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This question follows on from : c++ reading in text file into vector<vector> then writing to vector or array depending on first word in internal vector . Im editing this question because the first issue was simply a typo error (couldn't ask a separate Q because Ive tried that before and got down voted for duplicate??, also couldnt delete Q because has answers..), and the more important question is about the cygwin c++ compiler not having access to c99 libraries. When using stod instead of strtod i get an compilation error. The issue is _GLIB_CXX_USE_C99 is undefined??

Code so far:

#include <algorithm>
#include <fstream>
#include <iostream>
#include <iterator>
#include <sstream>
#include <string>
#include <vector>
#include <cstdlib>

#if __cplusplus < 201103L
#warning No C++11 support
#endif

#if !defined(_GLIBCXX_USE_C99)
#warning No C99 library functions
#endif

#if defined(_GLIBCXX_HAVE_BROKEN_VSWPRINTF)
#warning Broken vswprintf
#endif

std::vector<double> GetValues(const std::vector<std::string>& src, int start, int end, std::string typeline)
{
    std::vector<double> ret;
    for(int i = start; i <= end; ++i)
    {
      if(typeline == "E3T" && i == 5)
    {
      ret.push_back(std::strtod(src[2].c_str(), nullptr));
      ret.push_back(std::strtod(src[i].c_str(), nullptr));
    }
      else
    {
          ret.push_back(std::strtod(src[i].c_str(), nullptr));
    }
    }
    return ret;
}

void PrintValues(const std::string& title, std::vector<std::vector<double>>& v)
{
    std::cout << title << std::endl;
    for(size_t line = 0; line < v.size(); ++line)
    {
        for(size_t val = 0; val < v[line].size(); ++val)
        {
            std::cout << v[line][val] << " ";
        }
        std::cout << std::endl;
    }
    std::cout << std::endl;
}

int main()
{
    std::vector<std::vector<std::string>> values;
    std::ifstream fin("example.2dm");
    for (std::string line; std::getline(fin, line); )
    {
        std::istringstream in(line);
        values.push_back(
            std::vector<std::string>(std::istream_iterator<std::string>(in),
            std::istream_iterator<std::string>()));
    }

    std::vector<std::vector<double>> cells;
    std::vector<std::vector<double>> nodes;
    for (size_t i = 0; i < values.size(); ++i) 
    {
        if(values[i][0] == "E3T")
        {
      cells.push_back(GetValues(values[i], 1, 5, "E3T"));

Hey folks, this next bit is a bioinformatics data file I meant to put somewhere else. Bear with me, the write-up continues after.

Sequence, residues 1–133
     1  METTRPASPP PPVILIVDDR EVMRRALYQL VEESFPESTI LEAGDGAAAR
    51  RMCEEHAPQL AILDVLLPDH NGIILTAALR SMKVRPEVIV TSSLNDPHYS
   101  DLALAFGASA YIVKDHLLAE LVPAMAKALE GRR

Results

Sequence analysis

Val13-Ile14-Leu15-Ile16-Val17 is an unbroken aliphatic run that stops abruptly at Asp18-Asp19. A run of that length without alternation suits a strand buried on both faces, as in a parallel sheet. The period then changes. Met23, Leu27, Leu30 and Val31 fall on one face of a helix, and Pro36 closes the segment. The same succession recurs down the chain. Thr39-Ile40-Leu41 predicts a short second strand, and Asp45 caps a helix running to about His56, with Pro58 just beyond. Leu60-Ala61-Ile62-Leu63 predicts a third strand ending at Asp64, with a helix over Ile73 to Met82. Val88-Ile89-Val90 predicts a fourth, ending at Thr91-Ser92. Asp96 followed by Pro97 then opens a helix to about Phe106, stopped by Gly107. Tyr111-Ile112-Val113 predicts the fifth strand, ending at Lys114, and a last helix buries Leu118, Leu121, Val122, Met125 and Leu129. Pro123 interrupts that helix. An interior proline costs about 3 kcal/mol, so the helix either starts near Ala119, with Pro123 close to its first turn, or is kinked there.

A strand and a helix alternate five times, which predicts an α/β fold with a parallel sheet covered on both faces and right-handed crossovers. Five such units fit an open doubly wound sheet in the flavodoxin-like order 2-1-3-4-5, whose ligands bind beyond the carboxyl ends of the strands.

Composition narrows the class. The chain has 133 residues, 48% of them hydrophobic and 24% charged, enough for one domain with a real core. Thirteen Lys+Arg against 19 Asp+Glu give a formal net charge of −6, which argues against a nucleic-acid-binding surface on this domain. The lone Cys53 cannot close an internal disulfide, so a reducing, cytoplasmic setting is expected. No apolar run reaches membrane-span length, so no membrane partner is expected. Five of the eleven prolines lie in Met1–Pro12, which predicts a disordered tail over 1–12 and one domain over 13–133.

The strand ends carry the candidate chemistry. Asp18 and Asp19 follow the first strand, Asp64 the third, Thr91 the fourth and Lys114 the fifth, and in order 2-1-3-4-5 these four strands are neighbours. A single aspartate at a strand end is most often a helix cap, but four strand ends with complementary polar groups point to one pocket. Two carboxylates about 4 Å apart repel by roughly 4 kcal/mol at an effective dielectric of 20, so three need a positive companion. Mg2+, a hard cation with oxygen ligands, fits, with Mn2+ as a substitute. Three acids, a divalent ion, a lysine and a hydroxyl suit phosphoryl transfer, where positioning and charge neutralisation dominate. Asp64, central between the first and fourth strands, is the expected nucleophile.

}
        else if(values[i][0] == "E4Q")
        {
      cells.push_back(GetValues(values[i], 1, 6, "E4Q"));
        }
        else if(values[i][0] == "ND")
        {
      nodes.push_back(GetValues(values[i], 1, 4, "ND"));
        }
    }

    PrintValues("Cells", cells);
    PrintValues("Nodes", nodes);

    return 0;
}

Compilation warning (cygwin gcc c++):

$ g++ read_csv3.cpp -std=c++11
read_csv3.cpp:15:2: warning: #warning No C99 library functions [-Wcpp]

Anyone know how to fix this in cygwin?

share|improve this question

closed as off-topic by Beta, talonmies, nijansen, Yuushi, Yu Hao Sep 18 '13 at 8:46

  • This question does not appear to be about programming within the scope defined in the help center.
If this question can be reworded to fit the rules in the help center, please edit the question.

1  
Not sure what is your main issue, but in && i = 5) you do NOT want = you want ==. – Karthik T Sep 18 '13 at 1:45
    
std::stod exists as well. It's easier to use than std::strtod. – chris Sep 18 '13 at 1:46
4  
This question appears to be off-topic because it is about a typo, and we close typo questions. – Beta Sep 18 '13 at 1:52
    
Im using strtod because of the second issue, I started with stod but comiler says stod not in std so i ran with strtod – Alex Byasse Sep 18 '13 at 1:58

You probably want this :

 if(typeline == "E3T" && i == 5)
                            ^^ equality check

if(typeline == "E3T" && i = 5) complains for lvalue

because typeline == "E3T" && i cant be assigned as 5

However

if(typeline == "E3T" && (i = 5)) compiles but this is not what you need

share|improve this answer
    
I dont think this directly caused the issue, but this is the right line, and perhaps == is a different precedence to = and lack of brackets caused issues, so this might fix it, +1 – Karthik T Sep 18 '13 at 1:48
    
Ah, looks like we are thinking alike :) – Karthik T Sep 18 '13 at 1:49
    
@KarthikT yeah :D – P0W Sep 18 '13 at 1:50

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